I'm with Arthur Clarke. Religion is a "disease of infancy." And we dearly need to wake up.

Bruce Duensing said...

Consensus Reality in all it's forms is a religion complete with dogma, with sins of omission, heretics and saints. Metaphysics as opposed to traditional edict, pushes and pulls in a dynamic. In this sense, I can see why Vallee was so influenced by it. God is the eye of the beholder, or in this case, the observer...perhaps we can say God is the quest for universal coherence, a methodology rather than a goal. I sense the more we approach the more it recedes. Whether we use a microscope a telescope, an atom smasher or our eyes the instrument always becomes the measuring stick for an immeasurable dimensionality.

Yours Truly
Elmer Fudd

Anonymous said...

The problem with agnosticism is that one never knows with foresight, where to place it. It may sound "healthy" to be agnostic but it is not an example of scientifically proper thinking. For example, the typical self-proclaimed agnostic will say they are divided on the belief of a God existing or not. Why "a God" and not "some Gods"? By restricting your belief or non-belief to "a God" you are assuming that only one God could exist and not many. So what starts out "sounding healthy" is actually just another black and white extreme because it is based on logical fallacies instead of reason.

The visiting ET claim is no different. To assume that ET might have visited us is not logical but wishful thinking. The fact is there is no evidence whatsoever that ETs have visited us. There is no agnostic stance to be taken because there is nothing to believe or not believe in. Agnosticism is only valid when the focus of the agnostic is on something that has some evidence but the evidence is debatable.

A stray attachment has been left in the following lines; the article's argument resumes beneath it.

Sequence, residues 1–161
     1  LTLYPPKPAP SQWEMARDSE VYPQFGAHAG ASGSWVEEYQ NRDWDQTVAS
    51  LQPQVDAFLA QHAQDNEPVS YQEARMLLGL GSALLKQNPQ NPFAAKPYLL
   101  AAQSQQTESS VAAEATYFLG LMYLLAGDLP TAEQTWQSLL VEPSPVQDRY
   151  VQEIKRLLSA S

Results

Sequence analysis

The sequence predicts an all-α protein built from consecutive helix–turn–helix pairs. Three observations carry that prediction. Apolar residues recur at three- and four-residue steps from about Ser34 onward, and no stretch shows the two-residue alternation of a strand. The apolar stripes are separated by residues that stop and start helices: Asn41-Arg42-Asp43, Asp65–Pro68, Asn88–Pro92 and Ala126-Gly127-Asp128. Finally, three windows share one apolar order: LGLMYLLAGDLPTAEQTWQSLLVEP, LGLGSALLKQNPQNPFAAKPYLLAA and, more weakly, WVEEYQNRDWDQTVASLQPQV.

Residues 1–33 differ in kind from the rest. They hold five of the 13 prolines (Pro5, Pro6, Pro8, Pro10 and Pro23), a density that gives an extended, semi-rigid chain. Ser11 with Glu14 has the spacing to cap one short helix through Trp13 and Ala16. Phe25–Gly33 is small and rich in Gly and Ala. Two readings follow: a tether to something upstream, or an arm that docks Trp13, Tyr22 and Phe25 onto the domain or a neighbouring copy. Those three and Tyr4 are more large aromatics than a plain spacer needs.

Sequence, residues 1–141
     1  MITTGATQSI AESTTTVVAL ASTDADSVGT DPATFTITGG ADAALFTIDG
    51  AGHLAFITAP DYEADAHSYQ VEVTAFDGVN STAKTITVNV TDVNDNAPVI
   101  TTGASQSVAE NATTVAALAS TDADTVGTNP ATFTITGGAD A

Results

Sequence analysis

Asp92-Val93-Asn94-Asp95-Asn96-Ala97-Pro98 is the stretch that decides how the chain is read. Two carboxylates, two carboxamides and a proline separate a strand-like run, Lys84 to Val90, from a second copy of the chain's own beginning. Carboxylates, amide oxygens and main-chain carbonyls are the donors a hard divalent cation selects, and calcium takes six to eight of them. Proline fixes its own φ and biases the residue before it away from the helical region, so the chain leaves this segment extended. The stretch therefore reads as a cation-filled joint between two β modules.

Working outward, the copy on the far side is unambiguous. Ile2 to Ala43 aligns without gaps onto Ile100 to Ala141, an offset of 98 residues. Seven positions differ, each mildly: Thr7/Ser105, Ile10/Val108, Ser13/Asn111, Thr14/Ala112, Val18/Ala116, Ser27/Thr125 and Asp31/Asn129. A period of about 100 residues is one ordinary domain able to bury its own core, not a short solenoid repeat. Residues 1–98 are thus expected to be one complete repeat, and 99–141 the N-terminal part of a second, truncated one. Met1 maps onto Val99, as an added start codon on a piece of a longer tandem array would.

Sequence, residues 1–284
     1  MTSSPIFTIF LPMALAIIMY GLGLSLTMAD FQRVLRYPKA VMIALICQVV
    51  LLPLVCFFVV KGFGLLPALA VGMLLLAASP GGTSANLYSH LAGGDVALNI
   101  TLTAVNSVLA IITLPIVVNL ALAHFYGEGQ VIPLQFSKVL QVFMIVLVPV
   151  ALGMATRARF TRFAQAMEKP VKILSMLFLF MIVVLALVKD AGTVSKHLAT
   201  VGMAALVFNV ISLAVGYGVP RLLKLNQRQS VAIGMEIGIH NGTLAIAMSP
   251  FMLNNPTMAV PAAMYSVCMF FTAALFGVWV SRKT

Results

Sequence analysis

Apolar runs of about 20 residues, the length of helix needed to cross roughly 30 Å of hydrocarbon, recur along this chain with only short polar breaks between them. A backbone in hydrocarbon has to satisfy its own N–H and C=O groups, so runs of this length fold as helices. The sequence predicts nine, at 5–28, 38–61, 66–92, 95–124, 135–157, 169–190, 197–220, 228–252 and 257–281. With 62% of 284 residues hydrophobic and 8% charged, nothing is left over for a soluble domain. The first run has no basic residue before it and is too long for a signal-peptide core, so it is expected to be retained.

Paul Kimball said...

There is tons of evidence that the UFO phenomenon is an objective reality. There is a strong likelihood that there is life elsewhere in our galaxy. Even mainstream science agrees on that. So, there is a logical basis upon which one can put forward that UFOs may be that life visiting us.
As for your comments re: God vs. Gods, I agree, but as monotheism is the dominant form of religion in the Western world wherein I have been born and raised, I refer to God as opposed to Gods - either way, however, I remain an agnostic, and say to both believers and atheists that until either group can prove to me the existence or non-existence of God, or ET on Earth, I'll keep an open mind.

Anonymous said...

Can you define what "objective reality" is? What does having "an open mind" mean?

Having an objective reality would imply that there are some hard, physical facts that aren't subject to personal interpretation, but the fact is there are none of those kind of facts in UFOlogy. Claim all you want that there are, but until you have something you can hold in your hands or interview on CNN, you are empty-handed and have nothing else to go on other then heaps of extraordinary storytales.

Which brings us to the next point: if you are truly open-minded, then you would have to believe ALL of those extraordinary storytales, since not a single one of them have any hard, physical facts. You just have to trust the storyteller on each and every one. Or maybe we still have to do some heavy filtering of all that we hear, which means we shouldn't be THAT open minded, but maybe more like half-open minded?

ben-keshet said...

I just recently found your site and though you've shut it down, I thought I'd nevertheless comment on this blog entry, specifically your concluding remark.

"Honestly - St. Paul on one hand, and, say, Philip Corso on the other hand. Is there really a difference between the two, other than two thousand years, and the fact that Corso was properly vetted?"

First I'll say that all is open to real scholarly scrutiny regarding both ETs and God. I saw the video at your site that included your narration about one of Canada's most important Baptist evangelists, of which you spoke of in highly favorable terms. So, does your slam on St. Paul above actually mean that you'd go into production about "anything" as long as there's a paycheck?